To Hell and Back: Utah MMA fighter slams addiction to the mat

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PROVO, UTAH (ABC4) – Court McGee is Utah’s only active UFC fighter. He’s known as “The Crusher.” Rising through the ranks of local competition he then punched his way onto the national stage by winning SPIKE T.V’s 11th season of the Ultimate Fighter. Now he has made several appearances in the UFC’s top-level Octagon.

But before he became a champion, he was battling a deadly opponent. Addiction. A fight that literally cost him his life, for a few minutes.

And when life knocked this fighter to the ground he felt he had one choice, stand up. He refused to tap out.

On Sept. 9, 2005, McGee overdosed on heroin. He said he didn’t know what really happened.

“When I shot up, it was a little too much or a little too pure, I just went ‘Woah’ (expletive) and then I went out,” McGee explains.

His heart and pulse were stopped for 8 minutes.

McGee’s journey to becoming the “baddest man on the planet” was abruptly halted, with the drugs taking him down a dark hole few people come back from.

However, “I was not willing to give up on my dream,” he states.

His journey through addiction started the same as many other people, a series of gateways. “Sneaking into my dad’s beer.” is where it began for him, he says. Next, abusing pills followed.

“Slowly got to where I would run out of my prescription, so I started spending whatever money I had on prescription pills, and then the prescription pills started getting too expensive,” McGee recalls.

The drugs overwhelmed him and became the center of his world.

“As long as I had a little bit of Adderall or a little bit of something, to boost me, cuz coffee quit working, I could get up and go.”

 “I could not make enough money to buy enough Oxycontin or enough pain pills,” he adds.

A cheaper and deadlier substitute was found.

“A friend said, ‘I got some heroin, some black tar heroin, Dude, it costs ten bucks for this much, and it’s the same as having four or five oxycontin 80s,'” McGee recalls.

So he gave it a try..

“And so I sat down, and he wrapped up my arm, mixed me up a little shot, and I remember like it was yesterday, I remember what vein he went in, and I was like ‘Let’s do it,’ and he said, ‘Are you sure?’ And, I was like, ‘Yeah, let’s do it,'” McGee recalls.

The heroin hit McGee fast, and it seemed like all of his problems went away. He mentions thinking, “As long as I have heroin, I’ll be okay.”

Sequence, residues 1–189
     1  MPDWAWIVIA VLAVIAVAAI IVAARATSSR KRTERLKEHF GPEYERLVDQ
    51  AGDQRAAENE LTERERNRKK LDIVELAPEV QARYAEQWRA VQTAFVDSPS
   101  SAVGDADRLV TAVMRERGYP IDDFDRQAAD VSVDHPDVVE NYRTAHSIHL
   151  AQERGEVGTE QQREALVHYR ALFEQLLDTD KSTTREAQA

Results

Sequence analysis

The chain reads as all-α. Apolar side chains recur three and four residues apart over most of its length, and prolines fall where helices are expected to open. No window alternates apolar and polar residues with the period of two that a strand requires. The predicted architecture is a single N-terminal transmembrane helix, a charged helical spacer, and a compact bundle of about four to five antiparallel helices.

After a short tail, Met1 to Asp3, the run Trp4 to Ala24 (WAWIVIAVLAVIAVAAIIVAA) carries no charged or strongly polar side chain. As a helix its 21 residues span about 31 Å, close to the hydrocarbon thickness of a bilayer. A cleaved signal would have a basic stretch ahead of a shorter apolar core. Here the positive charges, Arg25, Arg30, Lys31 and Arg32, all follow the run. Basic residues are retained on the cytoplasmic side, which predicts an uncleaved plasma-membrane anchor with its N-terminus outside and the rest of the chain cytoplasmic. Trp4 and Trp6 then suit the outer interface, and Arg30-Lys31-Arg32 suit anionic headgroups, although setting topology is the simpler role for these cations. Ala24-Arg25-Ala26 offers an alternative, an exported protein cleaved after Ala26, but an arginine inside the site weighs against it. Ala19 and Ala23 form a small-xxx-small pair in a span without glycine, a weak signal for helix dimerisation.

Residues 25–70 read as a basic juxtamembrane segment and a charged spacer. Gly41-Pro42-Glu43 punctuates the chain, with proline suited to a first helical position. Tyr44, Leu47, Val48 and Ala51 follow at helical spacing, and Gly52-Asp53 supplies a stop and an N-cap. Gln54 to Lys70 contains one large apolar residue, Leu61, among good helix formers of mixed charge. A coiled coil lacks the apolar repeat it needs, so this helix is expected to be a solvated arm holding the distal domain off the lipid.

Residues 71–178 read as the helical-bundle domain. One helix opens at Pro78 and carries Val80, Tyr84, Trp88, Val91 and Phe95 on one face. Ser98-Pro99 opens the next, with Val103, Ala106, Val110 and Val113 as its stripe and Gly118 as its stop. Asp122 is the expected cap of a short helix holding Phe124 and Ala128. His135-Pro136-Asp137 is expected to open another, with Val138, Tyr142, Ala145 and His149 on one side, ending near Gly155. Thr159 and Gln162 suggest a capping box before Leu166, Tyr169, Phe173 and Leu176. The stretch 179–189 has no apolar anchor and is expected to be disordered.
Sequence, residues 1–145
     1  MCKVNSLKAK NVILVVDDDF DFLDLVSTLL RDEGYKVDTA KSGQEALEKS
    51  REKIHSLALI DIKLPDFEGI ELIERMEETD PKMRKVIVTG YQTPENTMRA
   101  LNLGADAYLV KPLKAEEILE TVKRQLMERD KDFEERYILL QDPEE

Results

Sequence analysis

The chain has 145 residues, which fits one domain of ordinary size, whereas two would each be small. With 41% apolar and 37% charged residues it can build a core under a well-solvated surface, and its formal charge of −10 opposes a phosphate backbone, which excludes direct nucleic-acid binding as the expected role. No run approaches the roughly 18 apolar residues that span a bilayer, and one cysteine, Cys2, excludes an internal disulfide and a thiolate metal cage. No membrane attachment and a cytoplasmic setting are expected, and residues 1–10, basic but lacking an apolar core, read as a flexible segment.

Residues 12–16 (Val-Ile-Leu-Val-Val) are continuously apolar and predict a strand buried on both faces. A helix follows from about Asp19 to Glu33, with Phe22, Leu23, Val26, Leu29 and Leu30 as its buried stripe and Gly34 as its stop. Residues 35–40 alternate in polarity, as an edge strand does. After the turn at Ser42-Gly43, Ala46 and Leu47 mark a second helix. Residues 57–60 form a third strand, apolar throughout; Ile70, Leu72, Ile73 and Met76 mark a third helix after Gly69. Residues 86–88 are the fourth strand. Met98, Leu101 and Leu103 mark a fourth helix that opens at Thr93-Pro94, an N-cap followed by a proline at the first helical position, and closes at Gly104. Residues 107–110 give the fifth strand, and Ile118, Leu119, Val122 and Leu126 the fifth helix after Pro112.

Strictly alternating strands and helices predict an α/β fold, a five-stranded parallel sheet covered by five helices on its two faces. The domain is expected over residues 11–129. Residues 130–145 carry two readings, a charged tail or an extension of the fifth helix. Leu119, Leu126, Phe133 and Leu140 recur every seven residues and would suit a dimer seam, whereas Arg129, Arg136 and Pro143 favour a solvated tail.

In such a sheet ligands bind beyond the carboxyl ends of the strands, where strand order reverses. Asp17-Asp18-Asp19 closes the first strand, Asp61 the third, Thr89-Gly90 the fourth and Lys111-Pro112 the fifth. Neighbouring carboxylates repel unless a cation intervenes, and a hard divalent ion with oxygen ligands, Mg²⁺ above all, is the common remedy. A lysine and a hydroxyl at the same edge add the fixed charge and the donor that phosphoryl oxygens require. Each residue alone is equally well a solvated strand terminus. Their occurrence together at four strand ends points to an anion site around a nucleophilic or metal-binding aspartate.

But that was not the case. The one shot led the fighter to twenty or thirty small shots a day to maintain his addiction. One day, he took it too far.

“I was trying to overcome a craving beyond my mental control. I shot up a little too much heroin,  I made this a little too pure, and I died.”

Rescue workers used recovery drugs to reverse the effects of the heroin overdose, a day and a half later when McGee came to, he was mad at the world, plus he was facing charges that could have sent him to prison.

But McGee was not about to repeat the mistakes. He took advantage of a 12-step program and diligently attended his Friday meetings. The steel will that would bring the fighter to a championship started to manifest itself by helping him to fight back against heroin’s deadly grip.

“I went down an MMA gym, or a jiu-jitsu gym, started learning jiu-jitsu, there was another gym that had boxers in it, I got my butt kicked by like this 14-year-old boxer, and I was like ‘I gotta learn.’ So I started to learn how to work the mitts work the bags,” he recalls.

“All of a sudden, I was back on track. No matter what, I was going to become an Ultimate Fighter.”

Court was later invited to start public speaking. He spoke to law enforcement officers, and then kids, and started to find his redemption. He realized that fighting in the octagon and being able to help at-risk kids gave his life a deeper meaning than ever before.

Courtesy UFC

“That is what gives me the motivation to step into the octagon and fight the best guys in the world in the UFC,” McGee explains. “Because I know I have the power to connect, with especially youth that are struggling and want a way out. I can tell them exactly what I did and the exact feelings I had, and why I did the things that I did”

Now, when he steps into the Octagon to fight, Court “The Crusher” McGee says, “I go out there to carry the message to the person who has no hope, the person who is on that bed, when they came out of their coma, to say, ‘Hey, listen, dude,  If I can do this, you can do it!’

McGee is unique in his use of his platform as a UFC fighter to help others fight addiction. He started the McGee Project to help people fight addiction, traveling the country from big cities to rural areas to share his story of hope and to let people know addictions can be conquered.

One of the more unique aspects of the McGee Project is the people who used to arrest, prosecute and lock Court up, now help him and have become his greatest allies.

Representatives from The McGee Project explain, “There are amazing people out there that want to help these young people, we have partnered with gyms and created a space where youth and young adults who commit to sobriety, can have free access to a gym membership and gear for up to 3 months.” 

The McGee Project helps with other issues besides addiction, they also focus on mental health and suicide prevention.

To learn more about the foundation and how to help them with their mission, you can find the McGee Project here. The organization is community funded, if you wish to help the foundation you can learn how to donate here.

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